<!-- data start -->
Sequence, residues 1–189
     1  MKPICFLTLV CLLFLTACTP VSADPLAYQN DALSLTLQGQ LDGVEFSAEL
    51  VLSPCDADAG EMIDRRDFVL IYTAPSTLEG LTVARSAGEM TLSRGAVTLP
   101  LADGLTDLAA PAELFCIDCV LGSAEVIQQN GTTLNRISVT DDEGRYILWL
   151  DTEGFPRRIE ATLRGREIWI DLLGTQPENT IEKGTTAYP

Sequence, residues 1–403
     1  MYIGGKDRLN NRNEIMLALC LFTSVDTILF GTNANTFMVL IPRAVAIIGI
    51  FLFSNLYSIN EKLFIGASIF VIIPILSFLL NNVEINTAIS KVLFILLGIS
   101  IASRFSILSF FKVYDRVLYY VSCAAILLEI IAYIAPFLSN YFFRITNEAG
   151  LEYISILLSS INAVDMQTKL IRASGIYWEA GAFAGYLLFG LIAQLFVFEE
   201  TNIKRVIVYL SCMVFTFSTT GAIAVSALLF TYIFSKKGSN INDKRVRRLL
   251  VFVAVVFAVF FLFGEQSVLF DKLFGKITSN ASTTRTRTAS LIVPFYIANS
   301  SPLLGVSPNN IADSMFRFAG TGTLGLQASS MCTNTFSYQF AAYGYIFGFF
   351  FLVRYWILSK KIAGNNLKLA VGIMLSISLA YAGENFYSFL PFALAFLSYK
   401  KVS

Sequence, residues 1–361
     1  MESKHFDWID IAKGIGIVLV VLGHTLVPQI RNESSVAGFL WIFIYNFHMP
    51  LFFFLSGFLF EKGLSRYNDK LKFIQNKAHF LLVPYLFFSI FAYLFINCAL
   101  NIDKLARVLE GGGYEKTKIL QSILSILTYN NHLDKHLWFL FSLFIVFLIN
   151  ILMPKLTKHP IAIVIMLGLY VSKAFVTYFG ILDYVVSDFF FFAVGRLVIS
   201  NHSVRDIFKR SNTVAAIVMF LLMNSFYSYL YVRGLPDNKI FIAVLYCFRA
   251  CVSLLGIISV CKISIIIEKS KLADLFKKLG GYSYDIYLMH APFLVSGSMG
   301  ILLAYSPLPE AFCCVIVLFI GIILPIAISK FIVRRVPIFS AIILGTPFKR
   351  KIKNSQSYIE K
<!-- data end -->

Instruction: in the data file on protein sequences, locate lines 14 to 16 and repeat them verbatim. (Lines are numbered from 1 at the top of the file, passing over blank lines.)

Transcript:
   351  FLVRYWILSK KIAGNNLKLA VGIMLSISLA YAGENFYSFL PFALAFLSYK
   401  KVS

Sequence, residues 1–361